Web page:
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Mesrine: Parts 1 and 2 - Review

Mesrine: Killer Instinct

Review by Jack Foley

IndieLondon Rating: 4 out of 5

Killer Instinct Verdict

JACQUES Mesrine is to French culture what John Dillinger is to American – that is to say, a gangster who captured the imagination of a nation for the way in which he stood up to the state.

Like Dillinger, he was ultimately gunned down in cold blood by the authorities who had exhausted other attempts to silence and hold him.

It’s ironic – and an embarrassment of riches – to be gifted not one but three movies in the same year that explore these fascinating historical characters.

Mann’s Public Enemies looked at Dillinger and, by virtue of the star presence of Johnny Depp, will be the box office winner. But Mesrine’s story – as conveyed in Mesrine: Killer Instinct and Mesrine: Public Enemy No.1 – is every bit as good, if not marginally better.

Killer Instinct is released three weeks ahead of Public Enemy No.1 and chronicles Mesrine’s rise.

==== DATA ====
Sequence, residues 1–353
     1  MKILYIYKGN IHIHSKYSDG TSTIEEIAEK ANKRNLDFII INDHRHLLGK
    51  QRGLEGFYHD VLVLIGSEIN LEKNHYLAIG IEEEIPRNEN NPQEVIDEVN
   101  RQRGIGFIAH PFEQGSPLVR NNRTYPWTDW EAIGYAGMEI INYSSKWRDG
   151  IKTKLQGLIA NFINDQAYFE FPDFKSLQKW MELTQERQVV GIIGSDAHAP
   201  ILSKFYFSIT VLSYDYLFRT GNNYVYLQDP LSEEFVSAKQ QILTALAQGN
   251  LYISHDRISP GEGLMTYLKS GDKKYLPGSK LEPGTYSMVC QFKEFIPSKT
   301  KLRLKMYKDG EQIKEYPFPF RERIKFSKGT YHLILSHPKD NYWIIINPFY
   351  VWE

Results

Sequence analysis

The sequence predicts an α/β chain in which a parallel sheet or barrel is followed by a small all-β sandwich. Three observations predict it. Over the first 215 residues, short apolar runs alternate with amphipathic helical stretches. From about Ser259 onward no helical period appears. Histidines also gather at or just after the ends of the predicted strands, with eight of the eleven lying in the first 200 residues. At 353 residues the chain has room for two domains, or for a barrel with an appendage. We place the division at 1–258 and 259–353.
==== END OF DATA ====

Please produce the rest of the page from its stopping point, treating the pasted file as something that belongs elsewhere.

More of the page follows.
It’s brash, sexy, violent and features a mesmerising central performance from Vincent Cassel.

The film picks up after Mesrine has served his country in the Algerian war and returns to his home town of Clichy, outside Paris, in ’60s France, where he quickly turns to crime to pay his way, while seducing any woman who takes his fancy.

Along the way, he’s mentored by a local crime boss (Gerard Depardieu) but quickly develops such a formidable reputation that he is forced to flee to America where he continues to get into trouble given the outlandish nature of his escapades.

The film draws to a close in the aftermath of Mesrine’s bungled attempt to return to a US prison and free some of his former inmate colleagues.

Throughout, audiences will be transfixed by Cassel’s energetic central performance and the muscular nature of Jean-Francois Richet’s direction.

Both star and director ensure that Mesrine is a complex individual – charming one minute, psychopathic the next. But they don’t seek to condemn or condone his actions, rather allowing events to play out so that audiences can decide.